Water-related violence surged to an all-time high in 2022 – driven in large part by Russia’s war in Ukraine and Israeli attacks against Palestinian water resources in the West Bank.
At least 228 water conflicts were documented in 2022 – an 87% rise since 2021, according to research by the Pacific Institute shared exclusively with the Guardian.
The incidents include Israeli settlers sabotaging wells in the occupied West Bank, state violence against protesters demanding safe drinking water in Iran, nomadic pastoralists and farmers fighting over scarce supplies in sub-Saharan Africa, and Russia bombarding dams and water treatment plants in Ukraine.
Overall, violence related to water access has been rising steadily since 2000 as the climate crisis and growing scarcity exacerbate old conflicts over land, ideology and religion, economics and sovereignty – and new ones erupt, according to the Water Conflict Chronology.
In some of the most catastrophic incidents so far this year, Israel has used water as a weapon by targeting critical infrastructure and cutting off supplies to more than 2 million people in the besieged Gaza Strip – as did Russia when it destroyed the Kakhovka dam in southern Ukraine.
The UN recognizes access to safe, acceptable, affordable drinking water as a fundamental human right, yet more than 2 billion people, about 25% of the world’s population, still lack access. Cutting off or denying people access to safe water violates international humanitarian law and the Geneva conventions, constituting a war crime, according to UN experts.
The Pacific Institute’s tracker is the most comprehensive open-source database of water-related violence in the world, dating back over 4,500 years and containing more than 1,630 entries identified from news reports, eyewitness accounts and conflict databases.
It details events in which a water source or system – a dam, well, treatment plant, canal, pipeline, and so on – has been a trigger, weapon or casualty of violence, with the majority of data available covering conflicts since 2000.
The 2023 data is incomplete but on track to be another record or near record high.
And while water-related violence is not confined to a particular place or time, incidents are rising and disproportionately concentrated in the Middle East, southern Asia and Africa as competition intensifies amid rising demand and dwindling supplies exacerbated by the climate crisis.
“Attacks on civilian water systems, or the use of water as a weapon against civilians, is absolutely forbidden by international law. War is always horrible, but even in war there are rules of conduct and the international community must call out and punish violations of international humanitarian laws,” said Peter Gleick, co-founder of the Pacific Institute, a water thinktank which created the conflict tracker in 1985.
He added: “2023 is on track to be as bad as 2022 unless efforts to address the consequences of drought and climate change expand and/or the conflicts in Ukraine and the Middle East diminish.”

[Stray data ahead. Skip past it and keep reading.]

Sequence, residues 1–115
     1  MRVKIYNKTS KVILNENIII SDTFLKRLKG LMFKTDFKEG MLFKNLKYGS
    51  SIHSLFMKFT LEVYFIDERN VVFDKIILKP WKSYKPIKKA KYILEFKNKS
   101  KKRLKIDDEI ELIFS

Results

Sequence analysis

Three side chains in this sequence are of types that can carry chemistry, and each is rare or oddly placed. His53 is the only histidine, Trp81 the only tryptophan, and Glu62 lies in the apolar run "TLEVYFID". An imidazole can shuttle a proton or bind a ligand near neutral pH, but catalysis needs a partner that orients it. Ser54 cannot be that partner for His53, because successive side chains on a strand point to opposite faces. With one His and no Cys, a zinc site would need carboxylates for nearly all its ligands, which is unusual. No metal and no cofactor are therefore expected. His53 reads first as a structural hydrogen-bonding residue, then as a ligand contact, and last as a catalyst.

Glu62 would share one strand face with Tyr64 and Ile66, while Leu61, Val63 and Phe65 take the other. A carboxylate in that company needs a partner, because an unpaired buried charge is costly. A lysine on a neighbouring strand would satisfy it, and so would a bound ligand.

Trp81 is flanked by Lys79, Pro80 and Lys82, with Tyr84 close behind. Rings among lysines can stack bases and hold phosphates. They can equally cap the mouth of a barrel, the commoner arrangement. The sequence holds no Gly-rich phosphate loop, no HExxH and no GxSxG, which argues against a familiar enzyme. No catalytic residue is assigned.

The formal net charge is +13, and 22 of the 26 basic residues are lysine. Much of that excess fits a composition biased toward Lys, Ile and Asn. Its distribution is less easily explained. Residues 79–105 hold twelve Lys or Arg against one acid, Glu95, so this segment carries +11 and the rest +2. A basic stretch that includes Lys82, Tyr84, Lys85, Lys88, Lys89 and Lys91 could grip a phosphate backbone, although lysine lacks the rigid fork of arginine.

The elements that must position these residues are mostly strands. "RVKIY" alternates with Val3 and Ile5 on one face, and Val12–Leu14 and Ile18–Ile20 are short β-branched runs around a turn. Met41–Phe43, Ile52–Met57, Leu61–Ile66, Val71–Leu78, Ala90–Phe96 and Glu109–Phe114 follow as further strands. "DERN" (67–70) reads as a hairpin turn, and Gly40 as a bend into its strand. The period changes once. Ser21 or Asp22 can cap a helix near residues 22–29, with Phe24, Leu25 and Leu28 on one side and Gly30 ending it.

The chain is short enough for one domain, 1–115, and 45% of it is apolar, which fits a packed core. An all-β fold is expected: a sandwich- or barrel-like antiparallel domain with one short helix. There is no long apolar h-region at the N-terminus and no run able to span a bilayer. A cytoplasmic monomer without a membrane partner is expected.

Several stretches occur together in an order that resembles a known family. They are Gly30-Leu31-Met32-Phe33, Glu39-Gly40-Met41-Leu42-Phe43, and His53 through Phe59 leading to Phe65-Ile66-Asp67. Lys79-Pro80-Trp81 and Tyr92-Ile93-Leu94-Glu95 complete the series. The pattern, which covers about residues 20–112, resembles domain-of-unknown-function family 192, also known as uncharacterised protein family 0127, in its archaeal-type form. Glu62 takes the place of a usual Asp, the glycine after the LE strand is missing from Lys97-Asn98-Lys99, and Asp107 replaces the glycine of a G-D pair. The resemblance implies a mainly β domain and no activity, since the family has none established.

The first known water conflict took place in 2500BC in the Sumerian Gu’edena – or “edge of paradise” region in the ancient Middle East, a conflict over water and irrigated lands that lasted a century. The second was over the Tigris River in Babylon between 1720 and 1684BC.
The most recent data includes 56 incidents in Ukraine since Russia’s invasion in February 2022 until mid-2023.
In April 2022, 106 towns in the Kherson region of Ukraine were left without water services after Russia targeted energy and water systems. In January 2023, 1 million Ukrainians – the entire population of Odesa – were temporarily left without water, again after Russian forces attacked energy and water systems.
In June this year, the explosion that destroyed the Kakhovka dam on the Dnipro River left at least 50 dead and submerged multiple villages and agricultural fields, as well as cutting off the water supply for cities, power plants and irrigation systems. This type of attack qualifies the event as a weapon as well as a casualty on the tracker.
Many of Ukraine’s water facilities – used for drinking water, irrigation, industry and power plants – were concentrated in the east and south of the country, where the heaviest fighting has taken place.
Russia is responsible for most of the destruction but Ukraine has on occasion weaponized water. For instance, in May 2022, the Ukrainian armed forces destroyed the gates of a dam to slow the Russian advance toward Svitlodarsk in Donetsk.
Targeting water facilities in wartime is not new.
Last century dams were intentionally attacked during the Spanish civil war and during the second world war. For instance, the US targeted water supplies while bombing the Japanese-occupied island of Saipan in June 1944, resulting in severe shortages.
Amid ongoing fighting in Ukraine, scientists have been unable to fully assess or mitigate the damage but shortages have been reported by some communities and farmers in the south. In addition, the flooding caused by bombing and other infrastructure has probably dislodged toxins including heavy metals, oil and plastics – and landmines – downstream and possibly across international borders, according to Oleksandra Shumilova, a researcher at the Leibniz Institute of Freshwater Ecology and Inland Fisheries.